In fall, 1994, when I took the AI comps, almost all of the questions came from here. It's quite good, and I still use it even though Russell and Norvig is a better overall textbook. If I had to recommend just two AI textbooks, this would be the second. I mentioned this to Kevin Knight in August, 2003 when I met him at IJCAI in Acapulco.
    I once missed the chance to buy this book for $11 in spring, 1994, in a Library of Computing and Information Sciences (LCIS) book sale. I swore never to miss the chance again, but didn't get a copy until I requested my examination copy as a new faculty member at KSU.

  • Graham, R. L., Knuth, D. E., & Patashnik, O. (1994). Concrete Mathematics: A Foundation for Computer Science, 2nd edition. Reading, MA: Addison-Wesley Professional.
    This book wasn't a textbook or recommended reference of any course I ever took, nor was it even on the reading list for our theory comps, that I can recall; however, it's a great book for undergrads and new grads in CS. I bought it for zengeneral last Christmas and I learned a lot from the first edition when I came across it in the summer of 1994 and afterwards. Here is a link to the textbook page.

  • Hennessy, J. L, & Patterson, D. A. (2002). Computer Architecture: A Quantitative Approach, 3rd edition. San Mateo, CA: Morgan Kaufmann.
    In the fall of 1994, I audited the first half of Dan Reed's excellent computer architecture course in the Department of Computer Science (DCS) at the University of Illinois at Urbana-Champaign, until my TA duties for Intro AI (CS 348) and Programming Languages (CS 325) swamped me. The second edition of this book was the textbook, and it was very good. I still have it.

  • Haykin, S. (1998). Neural Networks: A Comprehensive Foundation, 2nd edition. Englewood Cliffs, NJ: Prentice Hall.
    I came across the first edition of this book in fall, 1995 while taking CS 448 (Artificial Neural Networks) from my Ph.D. advisor, Sylvian Ray, in the Department of Computer Science (DCS) at the University of Illinois at Urbana-Champaign. At the time, his textbook was by Hossain. In 1996 and 1997 I sat in on his course twice more, and he had switched to Zurada's textbook. In 1998 he switched to Haykin on my recommendation.

  • Goldberg, D. E. (1989). Genetic Algorithms in Search, Optimization, and Machine Learning. Reading, MA: Addison-Wesley Professional.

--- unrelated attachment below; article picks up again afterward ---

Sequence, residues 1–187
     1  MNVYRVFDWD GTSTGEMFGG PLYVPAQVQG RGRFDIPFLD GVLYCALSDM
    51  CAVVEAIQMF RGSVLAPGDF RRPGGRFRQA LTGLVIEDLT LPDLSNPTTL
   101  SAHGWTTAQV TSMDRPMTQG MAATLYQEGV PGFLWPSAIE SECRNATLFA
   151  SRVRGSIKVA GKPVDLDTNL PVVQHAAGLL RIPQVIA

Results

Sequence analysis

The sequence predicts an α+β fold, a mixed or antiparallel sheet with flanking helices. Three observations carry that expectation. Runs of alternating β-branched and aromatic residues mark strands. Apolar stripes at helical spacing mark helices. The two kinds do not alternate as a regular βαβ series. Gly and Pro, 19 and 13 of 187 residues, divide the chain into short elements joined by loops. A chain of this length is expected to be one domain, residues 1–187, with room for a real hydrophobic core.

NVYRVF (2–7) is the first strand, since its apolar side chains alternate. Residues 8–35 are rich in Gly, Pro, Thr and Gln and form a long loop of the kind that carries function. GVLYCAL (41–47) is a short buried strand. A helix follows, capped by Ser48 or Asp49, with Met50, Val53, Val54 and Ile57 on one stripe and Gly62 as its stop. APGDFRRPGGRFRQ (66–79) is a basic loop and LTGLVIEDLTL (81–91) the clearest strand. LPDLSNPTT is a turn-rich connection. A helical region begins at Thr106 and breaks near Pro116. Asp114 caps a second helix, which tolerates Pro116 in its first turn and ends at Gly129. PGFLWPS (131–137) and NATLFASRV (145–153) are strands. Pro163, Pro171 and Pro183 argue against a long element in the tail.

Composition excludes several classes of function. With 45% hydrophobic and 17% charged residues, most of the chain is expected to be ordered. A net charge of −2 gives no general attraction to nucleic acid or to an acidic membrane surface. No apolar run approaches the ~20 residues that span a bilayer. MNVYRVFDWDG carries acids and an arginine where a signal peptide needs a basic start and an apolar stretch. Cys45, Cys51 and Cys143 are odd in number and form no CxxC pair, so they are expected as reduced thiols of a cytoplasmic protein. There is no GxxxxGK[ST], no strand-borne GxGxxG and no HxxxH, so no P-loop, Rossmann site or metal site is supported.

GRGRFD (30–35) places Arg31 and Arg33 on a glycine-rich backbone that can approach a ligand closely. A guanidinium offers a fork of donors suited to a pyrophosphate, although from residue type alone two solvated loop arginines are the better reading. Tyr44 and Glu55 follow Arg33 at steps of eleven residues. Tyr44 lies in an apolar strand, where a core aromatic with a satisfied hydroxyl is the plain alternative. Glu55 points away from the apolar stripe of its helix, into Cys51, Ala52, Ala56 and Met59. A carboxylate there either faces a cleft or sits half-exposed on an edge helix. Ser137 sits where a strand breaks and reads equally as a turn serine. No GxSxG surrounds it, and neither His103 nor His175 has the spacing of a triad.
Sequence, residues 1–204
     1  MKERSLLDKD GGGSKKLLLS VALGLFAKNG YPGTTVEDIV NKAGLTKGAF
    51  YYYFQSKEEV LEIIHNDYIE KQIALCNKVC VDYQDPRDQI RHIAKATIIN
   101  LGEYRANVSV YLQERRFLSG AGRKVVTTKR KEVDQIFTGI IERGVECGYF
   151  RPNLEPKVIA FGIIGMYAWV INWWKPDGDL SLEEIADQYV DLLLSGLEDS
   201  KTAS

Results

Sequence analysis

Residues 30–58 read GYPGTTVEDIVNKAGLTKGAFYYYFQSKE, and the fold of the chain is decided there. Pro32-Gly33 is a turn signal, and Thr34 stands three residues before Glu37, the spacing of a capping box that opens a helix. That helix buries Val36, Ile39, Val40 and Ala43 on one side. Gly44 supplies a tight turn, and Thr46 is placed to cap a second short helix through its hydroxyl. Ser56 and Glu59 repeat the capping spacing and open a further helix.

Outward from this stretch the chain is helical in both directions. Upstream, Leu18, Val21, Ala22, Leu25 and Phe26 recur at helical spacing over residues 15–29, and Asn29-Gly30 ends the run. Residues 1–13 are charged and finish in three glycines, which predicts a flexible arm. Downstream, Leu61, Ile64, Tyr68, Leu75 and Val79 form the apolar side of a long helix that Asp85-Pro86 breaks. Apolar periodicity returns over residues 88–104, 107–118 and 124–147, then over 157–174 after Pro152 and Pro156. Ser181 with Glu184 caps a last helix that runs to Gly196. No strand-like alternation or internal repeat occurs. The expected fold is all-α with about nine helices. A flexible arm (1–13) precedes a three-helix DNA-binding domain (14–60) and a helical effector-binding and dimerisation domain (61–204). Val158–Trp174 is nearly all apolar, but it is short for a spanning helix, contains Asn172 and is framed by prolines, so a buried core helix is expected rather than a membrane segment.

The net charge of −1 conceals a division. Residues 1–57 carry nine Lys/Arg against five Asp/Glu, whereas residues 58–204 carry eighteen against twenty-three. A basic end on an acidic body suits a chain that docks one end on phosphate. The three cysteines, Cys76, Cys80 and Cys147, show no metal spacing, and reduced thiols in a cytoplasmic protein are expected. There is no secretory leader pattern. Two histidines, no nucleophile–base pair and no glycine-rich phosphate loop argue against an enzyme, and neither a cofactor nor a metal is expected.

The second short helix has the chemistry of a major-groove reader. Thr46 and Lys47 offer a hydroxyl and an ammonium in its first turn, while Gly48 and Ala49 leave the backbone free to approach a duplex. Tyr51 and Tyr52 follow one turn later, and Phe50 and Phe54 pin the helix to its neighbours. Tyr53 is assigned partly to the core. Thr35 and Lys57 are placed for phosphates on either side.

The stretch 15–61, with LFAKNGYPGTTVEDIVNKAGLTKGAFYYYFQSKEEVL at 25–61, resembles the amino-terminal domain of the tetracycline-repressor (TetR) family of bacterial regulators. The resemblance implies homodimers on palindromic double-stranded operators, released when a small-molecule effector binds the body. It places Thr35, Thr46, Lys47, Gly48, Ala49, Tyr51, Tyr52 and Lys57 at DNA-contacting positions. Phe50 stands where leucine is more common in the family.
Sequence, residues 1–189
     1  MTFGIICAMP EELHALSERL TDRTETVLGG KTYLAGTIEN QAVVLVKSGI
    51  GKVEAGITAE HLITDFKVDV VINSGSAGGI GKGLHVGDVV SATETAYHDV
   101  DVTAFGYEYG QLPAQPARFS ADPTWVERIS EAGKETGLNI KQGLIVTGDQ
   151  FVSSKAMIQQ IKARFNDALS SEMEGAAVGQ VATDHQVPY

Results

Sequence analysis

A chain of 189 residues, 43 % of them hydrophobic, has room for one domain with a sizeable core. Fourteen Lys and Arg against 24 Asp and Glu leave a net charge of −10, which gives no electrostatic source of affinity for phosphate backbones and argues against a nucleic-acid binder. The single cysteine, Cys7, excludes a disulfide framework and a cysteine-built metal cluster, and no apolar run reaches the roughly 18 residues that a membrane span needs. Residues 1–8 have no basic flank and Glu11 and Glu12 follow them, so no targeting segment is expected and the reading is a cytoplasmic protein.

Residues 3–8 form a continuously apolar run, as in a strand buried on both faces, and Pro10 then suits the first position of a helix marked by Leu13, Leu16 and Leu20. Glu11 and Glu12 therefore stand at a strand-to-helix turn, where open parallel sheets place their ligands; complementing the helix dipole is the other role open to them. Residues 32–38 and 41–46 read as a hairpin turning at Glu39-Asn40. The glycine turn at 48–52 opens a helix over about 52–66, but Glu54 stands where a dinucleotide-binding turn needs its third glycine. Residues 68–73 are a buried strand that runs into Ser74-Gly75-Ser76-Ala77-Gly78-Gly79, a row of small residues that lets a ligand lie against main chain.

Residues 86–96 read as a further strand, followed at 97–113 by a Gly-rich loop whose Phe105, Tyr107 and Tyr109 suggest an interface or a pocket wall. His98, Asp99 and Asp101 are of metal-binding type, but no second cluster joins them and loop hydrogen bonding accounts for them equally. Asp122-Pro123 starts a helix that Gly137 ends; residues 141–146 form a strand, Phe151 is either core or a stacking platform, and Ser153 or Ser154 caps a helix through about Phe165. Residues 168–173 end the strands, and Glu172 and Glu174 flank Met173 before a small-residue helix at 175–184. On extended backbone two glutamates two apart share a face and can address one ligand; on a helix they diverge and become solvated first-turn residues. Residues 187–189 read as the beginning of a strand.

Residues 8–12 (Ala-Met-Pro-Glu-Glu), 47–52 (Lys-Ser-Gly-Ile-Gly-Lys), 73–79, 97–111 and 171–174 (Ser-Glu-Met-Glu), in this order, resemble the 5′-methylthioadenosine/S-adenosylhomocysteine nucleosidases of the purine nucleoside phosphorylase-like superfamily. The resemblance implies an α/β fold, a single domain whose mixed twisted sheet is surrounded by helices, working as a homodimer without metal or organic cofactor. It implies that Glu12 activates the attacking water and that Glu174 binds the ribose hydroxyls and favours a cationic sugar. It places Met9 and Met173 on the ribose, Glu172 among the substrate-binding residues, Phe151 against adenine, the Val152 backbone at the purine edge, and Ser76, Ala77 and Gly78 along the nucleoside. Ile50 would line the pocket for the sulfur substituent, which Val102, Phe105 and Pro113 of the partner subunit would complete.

I didn't actually read this book until spring, 1997, when I audited Dave Goldberg's GA course and he became one of my Ph.D. committee members. The first time I saw it was in fall, 1993, when I was a first-year grad student in the Department of Computer Science (DCS) at the University of Illinois at Urbana-Champaign. I was in Dave Wilkins's CS 342 (Knowledge Acquisition and Computer Inference) course and got this book to use as a reference, but didn't quite understand it. Goldberg, as you may know, is a terrific lecturer and a very good writer, and I learned a tremendous amount from both his course and his book.

  • Cover, T. M. & Thomas, J. A. (1991). Elements of Information Theory. New York, NY: Wiley-Interscience.
    This book is a classic, and a must for just about any computer scientist. If you want to study algorithm analysis and design, theory of computation, artificial intelligence, machine learning, cognitive science, applied probability, computer architecture, computational science and engineering, numerical analysis, or bioinformatics, it's an absolute must. You owe it to yourself to pick up some rudiments of information theory (IT). I first saw the book at Hopkins but didn't read it until spring, 1997, when I audited P. R. Kumar's course in the Department of Electrical and Computer Engineering (ECE) at the University of Illinois at Urbana-Champaign. I had studied a little IT on my own before taking Larry Rendell's course, and he seemed impressed, but after I read this book, it all clicked.

  • Mitchell, T. M. (1997). Machine Learning. New York, NY: McGraw-Hill.
    This is hands-down the best book on machine learning. It's one of the best in artificial intelligence and in computer science in general, and would be on my short list above if it didn't deal in a relatively specialized topic. I first used it after it came out in fall, 1997, during my last year of my Ph.D. program in the Department of Computer Science (DCS) at the University of Illinois at Urbana-Champaign.

  • Witten, I. H. & Frank, E. (2005). Data Mining: Practical Machine Learning Tools and Techniques, 2nd edition. San Mateo, CA: Morgan Kaufmann.